Bubbling beneath the Shirley Sherrod furor is a debate that many Americans are itching to have, but aren't quite sure how to bring up in polite company: The fairness of minority preferences and entitlements.
That Ms. Sherrod, who is black, could be fired for making a racist statement – a false charge, as it turned out – seemed to many Americans to show a new willingness by the Obama administration to acknowledge that racism isn't just a problem for the white community. That it happened to an employee of the Department of Agriculture, which recently approved a $1.2 billion settlement for black farmers who faced decades of discrimination, only seemed to drive home that point.
While officials now say that Sherrod's forced resignation was too hasty – in fact, Obama apologized personally to Sherrod and she has been offered another job – the episode gave Americans an opportunity to discuss the substance of the point she was trying to make in the much-publicized March speech to an NAACP dinner in Douglas, Ga.: Whether race should still play a role in federal and state policy and politics.
As such, the Sherrod case embodies the race debate in both personal and institutional terms. It raises questions for many liberals about the state of racism on the political right and questions from many white Americans about when the post-Civil Rights era of minority preferences and entitlements will end.
'No parallel in our history'
"The injustices endured by black Americans at the hands of their own government have no parallel in our history, not only during the period of slavery but also in the Jim Crow era that followed," writes Sen. Jim Webb (D) of Virginia in the Wall Street Journal. "But the extrapolation of this logic to all 'people of color' – especially since 1965, when new immigration laws dramatically altered the demographic makeup of the U.S. – moved affirmative action away from remediation and toward discrimination, this time against whites. It has also lessened the focus on assisting African-Americans, who despite a veneer of successful people at the very top still experience high rates of poverty, drug abuse, incarceration and family breakup."
Few departments have struggled as much with how to resolve the legacy of institutional racism as the Department of Agriculture. That includes the man who fired Sherrod, Secretary Tom Vilsack, "who signaled a desire to atone for the USDA's checkered past, including pushing for funding of a historic $1.15 billion settlement that would help thousands of African American farmers but now faces bitter resistance from Senate Republicans," writes Chris Kromm on the Facing South blog.
"This is a good woman. She has been put through hell," Mr. Vilsack told CNN, acknowledging a shift in priorities. "I want to renew the commitment of this department to a new era in civil rights. I want to close the chapter on a very difficult period in civil rights."
Sherrod herself was struggling with the dichotomy of race and entitlement in her controversial speech, which, in full hearing indicated that, despite her experiences growing up in the Jim Crow South, she had ultimately moved beyond seeing the world through a prism of race.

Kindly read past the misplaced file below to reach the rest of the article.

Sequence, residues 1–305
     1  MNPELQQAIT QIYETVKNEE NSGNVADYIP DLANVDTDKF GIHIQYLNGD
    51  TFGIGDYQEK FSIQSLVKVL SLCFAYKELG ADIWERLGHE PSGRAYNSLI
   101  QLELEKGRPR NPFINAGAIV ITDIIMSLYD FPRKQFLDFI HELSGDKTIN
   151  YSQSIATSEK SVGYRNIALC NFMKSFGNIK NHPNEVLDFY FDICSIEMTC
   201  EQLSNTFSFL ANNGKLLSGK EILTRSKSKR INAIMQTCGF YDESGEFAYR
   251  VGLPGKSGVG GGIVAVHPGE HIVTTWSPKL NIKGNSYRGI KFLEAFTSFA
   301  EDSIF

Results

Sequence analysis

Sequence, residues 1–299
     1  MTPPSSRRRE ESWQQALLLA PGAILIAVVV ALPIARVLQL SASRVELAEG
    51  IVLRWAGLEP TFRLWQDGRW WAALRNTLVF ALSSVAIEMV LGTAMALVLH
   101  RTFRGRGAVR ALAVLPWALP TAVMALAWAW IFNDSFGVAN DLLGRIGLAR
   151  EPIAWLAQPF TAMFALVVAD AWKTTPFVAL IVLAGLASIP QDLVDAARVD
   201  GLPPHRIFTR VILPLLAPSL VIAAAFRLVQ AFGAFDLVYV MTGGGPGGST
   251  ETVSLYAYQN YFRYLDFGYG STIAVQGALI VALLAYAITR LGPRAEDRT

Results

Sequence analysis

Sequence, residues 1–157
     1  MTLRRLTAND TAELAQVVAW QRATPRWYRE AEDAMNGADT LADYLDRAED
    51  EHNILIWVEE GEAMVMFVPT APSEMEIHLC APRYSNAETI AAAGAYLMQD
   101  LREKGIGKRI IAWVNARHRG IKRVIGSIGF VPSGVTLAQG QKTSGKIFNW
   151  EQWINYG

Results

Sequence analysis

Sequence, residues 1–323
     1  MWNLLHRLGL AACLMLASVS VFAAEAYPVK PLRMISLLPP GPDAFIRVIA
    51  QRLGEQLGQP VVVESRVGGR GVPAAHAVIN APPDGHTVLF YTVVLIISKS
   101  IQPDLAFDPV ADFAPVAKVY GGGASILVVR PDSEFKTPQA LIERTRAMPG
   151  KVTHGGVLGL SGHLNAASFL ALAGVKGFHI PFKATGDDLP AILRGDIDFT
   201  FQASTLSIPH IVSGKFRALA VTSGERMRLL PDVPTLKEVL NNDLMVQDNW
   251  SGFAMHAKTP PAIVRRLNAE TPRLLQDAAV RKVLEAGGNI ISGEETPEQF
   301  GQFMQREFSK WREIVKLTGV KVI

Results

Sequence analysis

"It’s a great story, honestly told, and I’d bet that most of those who took the time to watch that tape at one point reflected on their own, perhaps uncompleted journey to that same grace that Sherrod has tried to attain," writes Jay Bookman in the Atlanta Journal-Constitution. "That is a good thing. America has never been a static concept. To the contrary, it has existed in a permanent state of transformation politically and economically as well as demographically."
But instead of a thoughtful, albeit uncomfortable debate, as Mr. Bookman calls for, the racial tension, political scientists say, has only gotten more intense, fueled by both liberals and conservatives trying to score political points ahead of the election by charging their counterparts with racism.
From racialized caricatures of Obama at tea party rallies to groups like the NAACP seeing shadows of racism behind every mostly-white gathering, the debate seems to have devolved in recent weeks.
Obama as the first black president
Moreover, President Obama's election as the first black president has both fueled racial antagonism while at the same time providing proof to many Americans that their country is no longer defined by race.
"The desire to move past race is genuine, but I think that the method of getting past race reflects a certain type of dysfunction in American society," says Andra Gillespie, a political science professor at Emory University in Atlanta.
And once raised, the entitlement question is a difficult one to resolve.
In his column, Sen. Webb suggests getting rid of federal minority preference policies, including affirmative action programs, but not completely gutting programs that help struggling African-Americans. Complicating government's role is that key institutions such as schools, for example, are not federal enterprises, but rely on local property taxes and school boards to function – a system that all but ensures educational disparity that often affects blacks more than whites.
"I like the concept of 'enabling opportunity for all,'" writes James Joyner, on the Outside the Beltway blog. ""But what does that mean in practice? How do we break this cycle through the government?"